Posts Tagged ‘Echo Basin’

Relaxing NPSO Trip to Echo Basin

Bistort (Bistorta bistortoides) and Cooley’s hedgenettle (Stachys cooleyae) blooming in the wet meadows

Our field trip participants admiring the magnificent Alaska yellow cedars along the trail.

On July 29, my husband Jim and I drove north to Echo Basin to meet some members of the High Desert Chapter of the Native Plant Society of Oregon, who arrived from Bend. At the NPSO Annual Meeting in Roseburg in June, Lynn Putnam, a participant on the field trip I led (see Weather Woes at Hemlock Lake), asked me if I would be willing to lead a trip for her chapter. Getting to go to a beautiful place and talk about plants with a group of flower lovers without having to do any organizing made it easy to agree.

We had a lovely, clear, sunny day (before August brought with it all the heat and smoke we’re experiencing right now). There were ten of us—just the right number. Only a few had been to this beautiful trail. While the main attraction for me is getting up to the open wetland at the top of the loop, the east-side folks were most excited about being in lush woodland. I guess I take for granted all the pretty ferns and forest wildflowers since they are so ubiquitous on the west side. It was great to look at all these plants through the lens of someone from the other, drier side of the Cascades. Read the rest of this entry »

Late Summer Colors at Echo Basin

Alaska cedar (Callitropsis nootkatensis)

Giant Alaska cedars (Callitropsis nootkatensis) are one of the highlights of this trail. This ancient tree is at least 5′ in diameter!

On August 17, Sabine Dutoit and John Koenig joined me for a trip to Echo Basin. I hadn’t been there in 6 years (see Late Bloomers at Echo Basin & Ikenick Creek), and it was another site that John had never been to. It’s a great late summer destination as there are lots of late-blooming flowers, and it stays cool and damp later than many other areas, especially those to the south in Lane County where I spend the majority of my time. It was also nice to take a break from all the bushwhacking and walk on a trail for once, although, on the way back, Sabine commented that all the downed trees across the trail in one area made it only slightly easier than a bushwhack. Since it is a relatively short hike, we took our time getting there, stopping to look at rock ferns (Asplenium trichomanes, Woodsia scopulina, Cheilanthes gracillima, and Cryptogramma acrostichoides) growing in the lava areas along Hwy 126, and to Fish Lake to eat lunch and check out some sedges and asters that John and I had seen as the sun was setting on our way home from Pigeon Prairie the previous week.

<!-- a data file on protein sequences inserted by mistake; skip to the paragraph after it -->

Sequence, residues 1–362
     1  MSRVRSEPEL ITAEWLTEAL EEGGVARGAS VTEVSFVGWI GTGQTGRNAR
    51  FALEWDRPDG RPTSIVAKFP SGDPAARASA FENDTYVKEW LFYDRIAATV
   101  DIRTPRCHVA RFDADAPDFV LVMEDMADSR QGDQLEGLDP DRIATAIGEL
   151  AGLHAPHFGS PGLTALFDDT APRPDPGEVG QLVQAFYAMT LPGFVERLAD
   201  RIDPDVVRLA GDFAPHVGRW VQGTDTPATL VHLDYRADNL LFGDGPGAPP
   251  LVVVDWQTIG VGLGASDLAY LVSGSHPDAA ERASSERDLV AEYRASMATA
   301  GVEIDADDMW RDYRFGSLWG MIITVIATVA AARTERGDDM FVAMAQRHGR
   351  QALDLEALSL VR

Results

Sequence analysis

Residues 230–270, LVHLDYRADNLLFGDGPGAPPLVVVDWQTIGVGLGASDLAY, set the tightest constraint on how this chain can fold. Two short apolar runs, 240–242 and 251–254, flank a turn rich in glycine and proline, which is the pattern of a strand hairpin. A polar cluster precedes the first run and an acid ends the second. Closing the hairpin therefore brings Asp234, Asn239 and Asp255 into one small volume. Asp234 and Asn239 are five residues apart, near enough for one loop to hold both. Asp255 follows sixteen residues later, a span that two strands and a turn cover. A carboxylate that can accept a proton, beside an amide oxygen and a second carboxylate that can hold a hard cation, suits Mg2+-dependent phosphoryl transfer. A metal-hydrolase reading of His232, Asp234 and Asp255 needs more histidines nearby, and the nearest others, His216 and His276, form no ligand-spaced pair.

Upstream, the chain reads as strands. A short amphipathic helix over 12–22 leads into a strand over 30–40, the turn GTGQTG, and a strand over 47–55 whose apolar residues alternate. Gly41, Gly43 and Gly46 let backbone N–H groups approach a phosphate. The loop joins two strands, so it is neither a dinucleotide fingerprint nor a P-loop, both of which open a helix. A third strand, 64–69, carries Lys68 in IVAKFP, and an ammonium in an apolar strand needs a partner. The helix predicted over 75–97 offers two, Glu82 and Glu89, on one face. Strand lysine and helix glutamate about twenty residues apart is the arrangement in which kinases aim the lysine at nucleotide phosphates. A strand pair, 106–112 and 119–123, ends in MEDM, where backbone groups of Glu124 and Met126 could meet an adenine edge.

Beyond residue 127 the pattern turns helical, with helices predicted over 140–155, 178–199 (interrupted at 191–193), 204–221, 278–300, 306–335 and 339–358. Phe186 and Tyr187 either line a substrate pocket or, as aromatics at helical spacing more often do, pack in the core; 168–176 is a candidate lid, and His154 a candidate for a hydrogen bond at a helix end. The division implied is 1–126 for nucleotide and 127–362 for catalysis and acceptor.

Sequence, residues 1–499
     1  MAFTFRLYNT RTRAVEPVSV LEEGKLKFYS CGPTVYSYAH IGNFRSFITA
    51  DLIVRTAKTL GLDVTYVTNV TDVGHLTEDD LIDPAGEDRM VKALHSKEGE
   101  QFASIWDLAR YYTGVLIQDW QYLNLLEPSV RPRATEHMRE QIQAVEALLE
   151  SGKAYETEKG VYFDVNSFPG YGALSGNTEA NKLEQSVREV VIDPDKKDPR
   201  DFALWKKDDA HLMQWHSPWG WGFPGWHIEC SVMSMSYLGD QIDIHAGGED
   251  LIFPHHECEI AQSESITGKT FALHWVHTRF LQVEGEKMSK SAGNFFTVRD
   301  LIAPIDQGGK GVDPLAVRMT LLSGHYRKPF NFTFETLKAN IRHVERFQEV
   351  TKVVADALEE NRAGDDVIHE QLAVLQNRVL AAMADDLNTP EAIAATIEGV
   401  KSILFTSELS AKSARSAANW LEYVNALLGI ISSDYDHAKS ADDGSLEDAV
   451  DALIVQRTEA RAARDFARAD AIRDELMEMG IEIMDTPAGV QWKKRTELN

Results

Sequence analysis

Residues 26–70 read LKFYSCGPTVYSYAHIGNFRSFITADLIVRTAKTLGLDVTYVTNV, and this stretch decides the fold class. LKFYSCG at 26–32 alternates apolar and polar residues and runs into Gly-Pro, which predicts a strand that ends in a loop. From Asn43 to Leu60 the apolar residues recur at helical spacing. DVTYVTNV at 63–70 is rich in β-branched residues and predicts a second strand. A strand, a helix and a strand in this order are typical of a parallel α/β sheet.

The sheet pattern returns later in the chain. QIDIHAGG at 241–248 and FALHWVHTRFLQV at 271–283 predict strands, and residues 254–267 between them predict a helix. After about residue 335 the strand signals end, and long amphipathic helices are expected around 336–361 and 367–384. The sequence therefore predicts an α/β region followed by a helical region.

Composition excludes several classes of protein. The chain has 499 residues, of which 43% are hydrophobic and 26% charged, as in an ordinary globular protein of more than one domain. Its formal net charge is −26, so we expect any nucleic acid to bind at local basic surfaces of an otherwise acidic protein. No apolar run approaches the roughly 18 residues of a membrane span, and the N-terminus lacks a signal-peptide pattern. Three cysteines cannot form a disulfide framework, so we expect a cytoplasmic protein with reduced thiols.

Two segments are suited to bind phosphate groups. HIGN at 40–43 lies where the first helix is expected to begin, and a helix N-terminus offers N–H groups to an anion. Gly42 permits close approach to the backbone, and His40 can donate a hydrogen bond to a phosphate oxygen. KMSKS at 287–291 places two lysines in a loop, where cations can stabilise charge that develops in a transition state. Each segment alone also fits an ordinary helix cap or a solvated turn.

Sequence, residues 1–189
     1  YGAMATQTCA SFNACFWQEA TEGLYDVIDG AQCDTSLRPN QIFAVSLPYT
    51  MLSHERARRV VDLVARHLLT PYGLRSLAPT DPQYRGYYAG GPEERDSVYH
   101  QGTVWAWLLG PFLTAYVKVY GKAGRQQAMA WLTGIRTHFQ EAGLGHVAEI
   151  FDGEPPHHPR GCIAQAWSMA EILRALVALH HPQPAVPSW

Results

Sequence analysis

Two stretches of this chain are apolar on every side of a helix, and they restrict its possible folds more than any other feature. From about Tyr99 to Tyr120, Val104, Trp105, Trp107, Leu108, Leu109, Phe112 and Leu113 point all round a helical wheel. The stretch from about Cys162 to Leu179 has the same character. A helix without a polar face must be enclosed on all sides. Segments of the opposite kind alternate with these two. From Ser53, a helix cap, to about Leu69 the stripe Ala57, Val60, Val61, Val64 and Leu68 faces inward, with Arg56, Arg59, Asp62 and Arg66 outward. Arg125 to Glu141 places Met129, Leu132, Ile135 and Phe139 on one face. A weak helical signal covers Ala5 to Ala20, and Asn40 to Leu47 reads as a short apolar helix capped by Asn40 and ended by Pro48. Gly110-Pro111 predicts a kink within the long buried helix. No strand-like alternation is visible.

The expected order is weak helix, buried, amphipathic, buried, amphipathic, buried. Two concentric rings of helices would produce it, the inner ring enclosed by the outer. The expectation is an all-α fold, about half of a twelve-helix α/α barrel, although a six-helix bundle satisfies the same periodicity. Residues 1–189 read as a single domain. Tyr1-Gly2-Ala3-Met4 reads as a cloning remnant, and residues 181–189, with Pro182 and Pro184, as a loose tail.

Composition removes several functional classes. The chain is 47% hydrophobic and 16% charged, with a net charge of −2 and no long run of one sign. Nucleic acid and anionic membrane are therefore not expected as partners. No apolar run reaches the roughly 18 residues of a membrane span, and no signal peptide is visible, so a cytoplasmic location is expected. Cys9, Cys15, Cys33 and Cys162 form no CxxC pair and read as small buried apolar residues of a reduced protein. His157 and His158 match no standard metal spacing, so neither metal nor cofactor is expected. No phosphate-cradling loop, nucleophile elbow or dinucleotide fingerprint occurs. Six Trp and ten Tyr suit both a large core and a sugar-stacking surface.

Fish Lake

On our way to Echo Basin, we stopped at Fish Lake to admire a show of western asters in the now dried out lake bed. While I didn’t recognize it at the time, the view in the distance is of Echo Peak and the ridge just above Echo Basin.

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Late Bloomers at Echo Basin & Ikenick Creek

Fringed grass-of-Parnassus (Parnassia cirrata) blooms at the end of the summer at Echo Basin.

Labor Day Monday (September 6) was a working day for me—if spending the day botanizing in a pretty wetland can ever be called “work.” After studying the Mimulus primuloides at Hills Peak (see Pikas, and a Coyote, and Monkeyflowers, Oh My!), I wanted to see some more populations in a different area of the Western Cascades. So I headed north to Echo Basin. I knew there’d be other late-blooming wetland plants as well. The air was very crisp when I arrived at the trailhead—a bittersweet reminder that autumn is just around the corner, and pretty soon I’ll be saying goodbye to the mountains until next spring. One of the first plants I noticed along the trail was blunt-sepaled starwort (Stellaria obtusa), one the inconspicuous plants whose distribution I’ve been trying to fill out. There were large, prostrate mats of it along much of the trail. I tediously checked many of them with my hand lens to make sure they really were S. obtusa, looking for four blunt sepals, round capsules, and hairs along the edges of the leaves. Only one fooled me by being the more well known look-alike, Stellaria crispa, with 5 sharp sepals and long capsules. Most of the ones I’ve seen haven’t formed quite such flat mats. I wish the plants would stop trying to trick me! Read the rest of this entry »

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